Some of this increase, though, SFP authors seem to be saying, involves abortion pills being shipped to women in states where most abortions or telabortions are not allowed. These are facilitated by what the authors call “shield laws.” These are laws passed by abortion friendly states attempting to “shield” abortion pill providers there from criminal prosecution or civil liability in other states where that provision is not legal.

The constitutionality of such measures has not been established yet. Many think it probably violates “full faith and credit” clause found in Article IV, Section I of the U.S. Constitution, requiring that state courts respect the laws and judgments of courts from other states.

 Following Trends

Given the different caveats and SFP’s ways of presenting and finessing the data (e.g., “imputing” data for missing clinics in some states, as well as counting telehealth abortions for states that limit abortions on a national but not state level), it is hard to nail down hard trends. SFP says that there were cumulatively 120,930 fewer abortions after Dobbs in states which “banned” abortions and 24,640 than there would have been if pre-Dobbs trends had persisted.

Some of that would be made up by women getting abortion pills by telehealth and being added to national totals or traveling to get abortions in other states and being counted there. But, taken together, SFP’s national data — combining numbers from states protecting abortion with those protecting unborn children — appears to point to a small, but overall national drop.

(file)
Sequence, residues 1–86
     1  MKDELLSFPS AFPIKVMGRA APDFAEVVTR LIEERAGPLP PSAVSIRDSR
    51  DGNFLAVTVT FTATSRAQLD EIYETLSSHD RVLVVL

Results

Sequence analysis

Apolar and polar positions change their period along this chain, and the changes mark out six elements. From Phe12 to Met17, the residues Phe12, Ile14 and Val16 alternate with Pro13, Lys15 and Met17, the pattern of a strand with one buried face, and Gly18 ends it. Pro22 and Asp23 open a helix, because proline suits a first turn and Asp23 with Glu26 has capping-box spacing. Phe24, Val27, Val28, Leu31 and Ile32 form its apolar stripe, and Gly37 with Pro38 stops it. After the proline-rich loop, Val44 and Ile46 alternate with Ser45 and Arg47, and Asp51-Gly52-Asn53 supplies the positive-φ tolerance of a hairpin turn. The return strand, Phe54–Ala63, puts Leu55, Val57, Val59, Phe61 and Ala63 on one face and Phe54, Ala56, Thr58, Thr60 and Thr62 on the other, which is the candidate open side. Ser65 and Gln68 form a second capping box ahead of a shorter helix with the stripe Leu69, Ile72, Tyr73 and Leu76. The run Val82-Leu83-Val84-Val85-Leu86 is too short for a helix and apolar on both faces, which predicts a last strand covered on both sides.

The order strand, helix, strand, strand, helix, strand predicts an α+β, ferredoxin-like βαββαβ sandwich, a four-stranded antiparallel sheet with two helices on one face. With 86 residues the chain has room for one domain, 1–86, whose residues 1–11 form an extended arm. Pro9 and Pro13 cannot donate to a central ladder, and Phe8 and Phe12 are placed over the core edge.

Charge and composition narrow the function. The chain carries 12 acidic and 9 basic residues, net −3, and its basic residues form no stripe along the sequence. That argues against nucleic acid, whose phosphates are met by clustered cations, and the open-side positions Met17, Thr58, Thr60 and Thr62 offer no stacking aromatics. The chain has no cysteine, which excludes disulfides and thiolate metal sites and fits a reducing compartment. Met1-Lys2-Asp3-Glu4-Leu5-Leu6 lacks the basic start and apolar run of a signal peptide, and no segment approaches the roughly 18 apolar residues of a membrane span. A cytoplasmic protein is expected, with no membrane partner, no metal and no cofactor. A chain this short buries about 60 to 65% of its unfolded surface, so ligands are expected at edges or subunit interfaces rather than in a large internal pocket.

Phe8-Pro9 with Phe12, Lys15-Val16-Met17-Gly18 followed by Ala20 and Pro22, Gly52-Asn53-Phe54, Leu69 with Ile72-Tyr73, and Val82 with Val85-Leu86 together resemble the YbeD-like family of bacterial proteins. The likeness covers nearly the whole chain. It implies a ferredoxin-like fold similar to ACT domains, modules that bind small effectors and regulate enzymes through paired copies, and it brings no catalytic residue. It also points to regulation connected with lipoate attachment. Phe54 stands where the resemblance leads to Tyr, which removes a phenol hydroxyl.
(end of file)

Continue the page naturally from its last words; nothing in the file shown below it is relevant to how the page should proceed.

And if the last three months covered by the report (July 2023 – September 2023) are any indication of future trends, the trend is now moving down again after a brief swell earlier in the year.

The Guttmacher Institute recently released its own monthly count covering the first ten months of 2023. That showed similar, though slightly higher monthly figures. Both point to a robust abortion industry continuing to push the shipping of abortion pills and spending heavily on patient travel to other states.

But Guttmacher, too, showed what appears to be a drop in the later months of 2023. Perhaps that signaled that abortion travel funds are drying up or that abortion pill sales have dwindled or gone further underground.

 Where things stand

The bottom line, according to SFP, is that

In the 15 months after Dobbs, more than 100,000 fewer abortions were provided in states that banned abortion totally or banned at 6-weeks gestation. People in states with abortion bans or severe restrictions were forced to delay their abortions, to travel to another state, to obtain care from a provider in a shield law state, to self-manage their abortions, or to continue a pregnancy they did not want.

While their spin is very self-serving to the abortion industry, the facts remain. States where unborn children and their mothers are legally protected have seen a large drop in the number of abortions. Some of this is made up for by women ordering abortion pills online or traveling to neighboring states and getting abortions there.

But the sky has not fallen…predicted would follow the defeat of Roe. The report shows many moms decided to stay home and give birth to their children.

And that’s good news.

Categories: Abortion Pill